James Coney  

Will election end assault on wealth?

James Coney

James Coney

And breathe. The pound climbed to an 18-month high, UK funds reported sharp inflows for the first time in months, and even business leaders began to sound more confident. 

The general election result that returned the Tories with a whopping majority was a triumph of working class will, and another example of how Twitter and the voices of the liberal elite in London are so unrepresentative of what is happening in the real world. 

Leave or remain, the result is particularly crucial for economic confidence: not so much ‘get Brexit done’ as ‘get business done’.

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How many decisions must have been postponed because of the uncertainty of the past few years of slim majorities and coalitions?

Financial planning has been practically impossible in the environment we had.

It is unquantifiable how much money has been wasted setting up offshore structures for the those worried about a Corbyn raid on wealth.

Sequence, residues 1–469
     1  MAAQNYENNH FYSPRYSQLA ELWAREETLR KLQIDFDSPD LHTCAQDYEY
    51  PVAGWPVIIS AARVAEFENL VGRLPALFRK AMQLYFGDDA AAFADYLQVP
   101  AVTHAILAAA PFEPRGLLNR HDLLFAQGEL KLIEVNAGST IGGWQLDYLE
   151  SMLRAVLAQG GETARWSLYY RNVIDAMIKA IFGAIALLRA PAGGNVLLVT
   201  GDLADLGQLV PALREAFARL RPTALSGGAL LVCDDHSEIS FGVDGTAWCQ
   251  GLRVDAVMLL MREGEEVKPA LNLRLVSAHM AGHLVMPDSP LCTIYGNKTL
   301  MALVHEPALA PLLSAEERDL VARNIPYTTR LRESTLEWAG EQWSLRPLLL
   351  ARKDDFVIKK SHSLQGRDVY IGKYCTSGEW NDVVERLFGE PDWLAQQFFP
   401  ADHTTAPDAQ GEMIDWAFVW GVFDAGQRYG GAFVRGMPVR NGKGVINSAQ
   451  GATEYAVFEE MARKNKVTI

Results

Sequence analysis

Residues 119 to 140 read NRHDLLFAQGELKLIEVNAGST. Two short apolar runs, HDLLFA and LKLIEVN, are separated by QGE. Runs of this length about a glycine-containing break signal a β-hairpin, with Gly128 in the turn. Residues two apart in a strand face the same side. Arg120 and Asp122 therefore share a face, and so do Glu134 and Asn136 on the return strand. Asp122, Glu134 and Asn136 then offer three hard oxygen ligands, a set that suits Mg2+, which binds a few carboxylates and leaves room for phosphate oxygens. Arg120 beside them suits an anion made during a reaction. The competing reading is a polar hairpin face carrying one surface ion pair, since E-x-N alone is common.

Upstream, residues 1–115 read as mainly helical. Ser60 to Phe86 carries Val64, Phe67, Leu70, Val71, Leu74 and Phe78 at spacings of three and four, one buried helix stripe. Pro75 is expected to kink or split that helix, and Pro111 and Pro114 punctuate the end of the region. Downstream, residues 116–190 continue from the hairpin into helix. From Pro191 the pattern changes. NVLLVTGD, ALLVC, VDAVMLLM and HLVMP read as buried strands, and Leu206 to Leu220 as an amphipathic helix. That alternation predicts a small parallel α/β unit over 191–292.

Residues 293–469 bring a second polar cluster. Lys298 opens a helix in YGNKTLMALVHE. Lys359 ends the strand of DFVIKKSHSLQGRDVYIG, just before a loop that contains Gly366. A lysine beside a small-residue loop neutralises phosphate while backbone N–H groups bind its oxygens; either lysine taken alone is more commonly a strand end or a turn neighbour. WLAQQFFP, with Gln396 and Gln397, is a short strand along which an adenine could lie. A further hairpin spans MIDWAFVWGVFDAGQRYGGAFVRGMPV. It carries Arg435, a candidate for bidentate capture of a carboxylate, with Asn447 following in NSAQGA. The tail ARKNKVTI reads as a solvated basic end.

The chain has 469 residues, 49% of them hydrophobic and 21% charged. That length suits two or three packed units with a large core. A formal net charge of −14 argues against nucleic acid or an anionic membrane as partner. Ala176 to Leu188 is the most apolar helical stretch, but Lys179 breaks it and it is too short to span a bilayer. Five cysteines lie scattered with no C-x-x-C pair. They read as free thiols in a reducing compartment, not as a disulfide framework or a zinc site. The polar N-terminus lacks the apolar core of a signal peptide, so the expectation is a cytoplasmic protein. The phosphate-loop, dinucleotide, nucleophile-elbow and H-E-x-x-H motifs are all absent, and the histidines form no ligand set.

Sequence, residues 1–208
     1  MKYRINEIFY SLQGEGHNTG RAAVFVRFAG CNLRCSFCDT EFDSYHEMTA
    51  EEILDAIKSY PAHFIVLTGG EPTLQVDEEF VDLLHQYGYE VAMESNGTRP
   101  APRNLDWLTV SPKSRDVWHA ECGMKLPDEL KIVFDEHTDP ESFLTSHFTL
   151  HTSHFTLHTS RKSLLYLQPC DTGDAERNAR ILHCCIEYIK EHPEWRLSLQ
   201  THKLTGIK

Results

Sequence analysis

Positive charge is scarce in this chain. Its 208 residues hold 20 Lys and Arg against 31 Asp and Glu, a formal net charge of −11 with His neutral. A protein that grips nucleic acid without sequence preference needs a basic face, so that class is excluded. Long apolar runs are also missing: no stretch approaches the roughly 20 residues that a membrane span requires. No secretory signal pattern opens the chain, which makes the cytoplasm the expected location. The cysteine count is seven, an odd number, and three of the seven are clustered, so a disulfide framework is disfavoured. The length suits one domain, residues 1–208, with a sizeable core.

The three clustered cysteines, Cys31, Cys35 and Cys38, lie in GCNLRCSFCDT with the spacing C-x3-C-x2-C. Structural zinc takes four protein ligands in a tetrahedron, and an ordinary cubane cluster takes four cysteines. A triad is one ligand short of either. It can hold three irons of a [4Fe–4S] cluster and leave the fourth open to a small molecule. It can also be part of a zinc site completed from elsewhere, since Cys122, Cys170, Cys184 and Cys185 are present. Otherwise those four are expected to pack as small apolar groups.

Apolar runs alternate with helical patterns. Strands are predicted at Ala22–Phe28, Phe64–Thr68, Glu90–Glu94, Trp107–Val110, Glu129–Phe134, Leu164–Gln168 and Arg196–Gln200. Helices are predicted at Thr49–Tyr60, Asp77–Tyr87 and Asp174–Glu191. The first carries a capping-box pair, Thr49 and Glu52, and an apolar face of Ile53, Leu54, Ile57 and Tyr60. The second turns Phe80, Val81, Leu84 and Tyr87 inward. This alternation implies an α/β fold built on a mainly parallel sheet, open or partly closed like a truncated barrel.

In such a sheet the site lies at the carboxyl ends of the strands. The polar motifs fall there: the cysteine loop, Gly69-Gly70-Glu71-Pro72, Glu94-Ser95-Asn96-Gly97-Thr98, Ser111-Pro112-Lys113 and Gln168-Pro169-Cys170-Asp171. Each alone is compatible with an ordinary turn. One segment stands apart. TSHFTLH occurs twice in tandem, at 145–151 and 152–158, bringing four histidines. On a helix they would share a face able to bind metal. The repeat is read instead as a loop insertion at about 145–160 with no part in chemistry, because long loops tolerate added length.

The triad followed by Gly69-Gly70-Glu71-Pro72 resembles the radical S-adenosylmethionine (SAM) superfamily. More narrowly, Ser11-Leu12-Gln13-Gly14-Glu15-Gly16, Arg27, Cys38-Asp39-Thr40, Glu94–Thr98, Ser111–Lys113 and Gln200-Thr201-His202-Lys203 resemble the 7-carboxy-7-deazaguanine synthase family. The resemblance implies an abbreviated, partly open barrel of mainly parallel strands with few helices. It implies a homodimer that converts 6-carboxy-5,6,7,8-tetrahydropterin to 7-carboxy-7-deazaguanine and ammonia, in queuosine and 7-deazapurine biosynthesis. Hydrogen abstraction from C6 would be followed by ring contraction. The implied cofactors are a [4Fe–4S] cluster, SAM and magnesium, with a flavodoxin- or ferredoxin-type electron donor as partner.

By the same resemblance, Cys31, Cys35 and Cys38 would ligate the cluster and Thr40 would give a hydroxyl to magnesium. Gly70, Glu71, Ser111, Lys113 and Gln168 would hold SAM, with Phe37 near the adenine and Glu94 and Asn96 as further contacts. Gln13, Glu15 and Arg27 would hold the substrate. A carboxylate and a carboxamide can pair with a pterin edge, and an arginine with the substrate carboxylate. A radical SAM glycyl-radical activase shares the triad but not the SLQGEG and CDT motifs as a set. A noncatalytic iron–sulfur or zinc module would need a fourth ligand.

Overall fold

Just imagine the floods of money leaving the country had that first exit poll not been so clear cut. 

I always say that you should plan for the economics and not the politics.

Long-term saving through thick and thin has always been the best strategy, but faced with such a hostile attitude to wealth from the left it is hardly surprising that putting money under the mattress looked like such an attractive proposition for investors. 

Jeremy Corbyn seemed to hate property wealth, savings and investing.

He demonised those who tried to do the right thing and take private steps to prepare for retirement.

A majority gives Boris Johnson the chance to move to the centre (hopefully), but also, with his chancellor, to even out the mess of our current tax and pensions system. Only someone with a confident majority could do this. 

Let us pray for the end of the pensions taper for all workers, not just those in the National Health Service; but also, we must be careful what we wish for.

The Labour and Liberal Democrat manifestos both called for reform of taxation on dividends and capital gains.

We may get a national insurance cut in the first Budget, but this is a party that needs to raise money from somewhere in order to fund its spending plans.

There was clearly traction in the notion that capital gains should be taxed as income. Let us not forget that it was actually Margaret Thatcher’s chancellor Nigel Lawson who did this before. 

And the fact that £50bn or so that is given up in pensions tax relief every year must also look very tantalising. Only a majority government would dare to cash in on this.

What I hope above all is an end to uncertainty and, crucially, no more attacks on personal wealth.

Seats lost

Among the decimation of the Labour party it was sad to see Frank Field lose his seat.